>> Uneasy lies the head that wears a crown. In the case of Mark Golding’s ascension to the presidency of the People’s National Party (PNP), this rings hauntingly true. How he’ll eventually unite a political party clearly being down by ego and power struggle will make for front-row seat entertainment and non-stop public commentary. But, as it turns out, Golding is far from backing down from the heavy-duty challenge. In fact, he’s already mapping out a game plan that sounds like a winner. In his speeches so far, he is decisive and convincing. “We will rebuild stronger together,” he recently told comrades. “It will be a collaborative effort, and I hope everybody will buy into it. Nuh care how long it takes, we will do it, and the party will be stronger.” He’s not sugar-coating things, which is refreshing. More power to him… 

>> Who let the dogs out? As expected, people have mixed reactions to the recent passing of the Dogs (Liability for Injuries) Act, which has been passed to punish negligent owners. According to the legislation, owners of bad dogs that attack and injure persons could be fined from $500,000 to as much as $3 million or face imprisonment of 6 months to 15 years. This move comes in the wake of the savage canine attack on a five-year-old boy in St. Ann, who has been flown to the United States for treatment, which is reportedly costing millions of dollars.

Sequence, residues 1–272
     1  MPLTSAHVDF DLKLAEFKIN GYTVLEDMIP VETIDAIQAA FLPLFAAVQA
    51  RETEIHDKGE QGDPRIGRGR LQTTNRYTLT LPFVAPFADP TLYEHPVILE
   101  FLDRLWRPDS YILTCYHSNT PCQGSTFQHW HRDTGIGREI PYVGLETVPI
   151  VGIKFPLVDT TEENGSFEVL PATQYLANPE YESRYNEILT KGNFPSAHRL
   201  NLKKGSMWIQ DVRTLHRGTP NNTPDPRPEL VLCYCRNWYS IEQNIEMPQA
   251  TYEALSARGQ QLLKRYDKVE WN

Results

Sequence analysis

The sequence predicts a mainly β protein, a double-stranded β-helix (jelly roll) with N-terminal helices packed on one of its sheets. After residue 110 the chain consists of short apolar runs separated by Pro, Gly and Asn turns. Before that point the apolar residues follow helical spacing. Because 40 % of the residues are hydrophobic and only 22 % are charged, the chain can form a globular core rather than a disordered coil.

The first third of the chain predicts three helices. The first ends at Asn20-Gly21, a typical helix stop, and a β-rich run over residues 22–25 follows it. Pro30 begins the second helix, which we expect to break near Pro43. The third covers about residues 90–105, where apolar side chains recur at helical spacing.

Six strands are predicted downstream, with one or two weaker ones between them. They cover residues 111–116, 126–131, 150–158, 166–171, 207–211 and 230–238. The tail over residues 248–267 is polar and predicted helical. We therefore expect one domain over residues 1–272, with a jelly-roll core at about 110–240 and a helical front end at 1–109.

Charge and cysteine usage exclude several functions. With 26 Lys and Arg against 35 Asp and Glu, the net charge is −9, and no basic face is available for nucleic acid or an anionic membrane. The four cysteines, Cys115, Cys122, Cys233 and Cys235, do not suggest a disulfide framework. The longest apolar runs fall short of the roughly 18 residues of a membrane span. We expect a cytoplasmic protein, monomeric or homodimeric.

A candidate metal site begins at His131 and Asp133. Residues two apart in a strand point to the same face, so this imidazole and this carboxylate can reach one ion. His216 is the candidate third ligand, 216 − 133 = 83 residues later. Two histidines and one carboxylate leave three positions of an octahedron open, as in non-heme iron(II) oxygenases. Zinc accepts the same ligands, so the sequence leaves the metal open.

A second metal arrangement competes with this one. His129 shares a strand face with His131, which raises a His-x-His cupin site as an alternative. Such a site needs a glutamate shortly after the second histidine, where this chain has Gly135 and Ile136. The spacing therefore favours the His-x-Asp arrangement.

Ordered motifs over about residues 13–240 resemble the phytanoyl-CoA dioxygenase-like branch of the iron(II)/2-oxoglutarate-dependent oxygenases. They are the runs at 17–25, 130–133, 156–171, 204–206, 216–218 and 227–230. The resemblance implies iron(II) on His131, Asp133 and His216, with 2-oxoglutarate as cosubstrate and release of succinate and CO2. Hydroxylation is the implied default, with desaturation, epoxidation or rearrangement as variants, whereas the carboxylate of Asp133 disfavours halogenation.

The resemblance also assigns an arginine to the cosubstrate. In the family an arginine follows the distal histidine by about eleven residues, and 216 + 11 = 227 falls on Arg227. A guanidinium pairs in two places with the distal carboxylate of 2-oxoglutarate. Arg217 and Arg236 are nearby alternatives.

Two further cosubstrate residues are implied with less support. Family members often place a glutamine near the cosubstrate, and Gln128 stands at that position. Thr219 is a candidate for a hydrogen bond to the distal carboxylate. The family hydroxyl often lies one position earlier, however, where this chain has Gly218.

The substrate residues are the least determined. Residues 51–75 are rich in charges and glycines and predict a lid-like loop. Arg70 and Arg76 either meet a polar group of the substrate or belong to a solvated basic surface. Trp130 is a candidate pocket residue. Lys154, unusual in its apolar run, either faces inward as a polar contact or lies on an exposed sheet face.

>> One thing that COVID-19 certainly hasn’t ruined: appetites. That’s why foodies, restaurant owners and other food establishment proprietors were avidly looking forward to the usual November staging of Restaurant Week. Stephanie Scott and her team remain as passionate as ever about their winning brand, so hopefully, all being well, RW will return to the social scene next year. 

>> York Castle High in St. Ann has produced this year’s Rhodes Scholar. He is 22 year old Fitzroy Wickham, a neurosurgeon-in-training at the Connecticut-based Wesleyan University. He says being a country boy who is used to overcoming great hurdles has always pushed him to excel academically. He recently told an interviewer, “I have a deep desire to inspire people across Jamaica, who like me grew up in the often-forgotten rural area.” Fitzroy’s scholarship covers, among other things, post-grad tuition fees, personal stipend and airfare to Oxford. 

>> Questions of the Week: 
1) Who is the most glaring omission from this year’s Grammy nominations Best Reggae Album category: Protoje or Popcaan
2) Who is on your list of the Most Intriguing/Fascinating Jamaicans of 2020? Be sure to compare your list with ours when it is unveiled in the coming weeks.




















Wednesday, 2 December 2020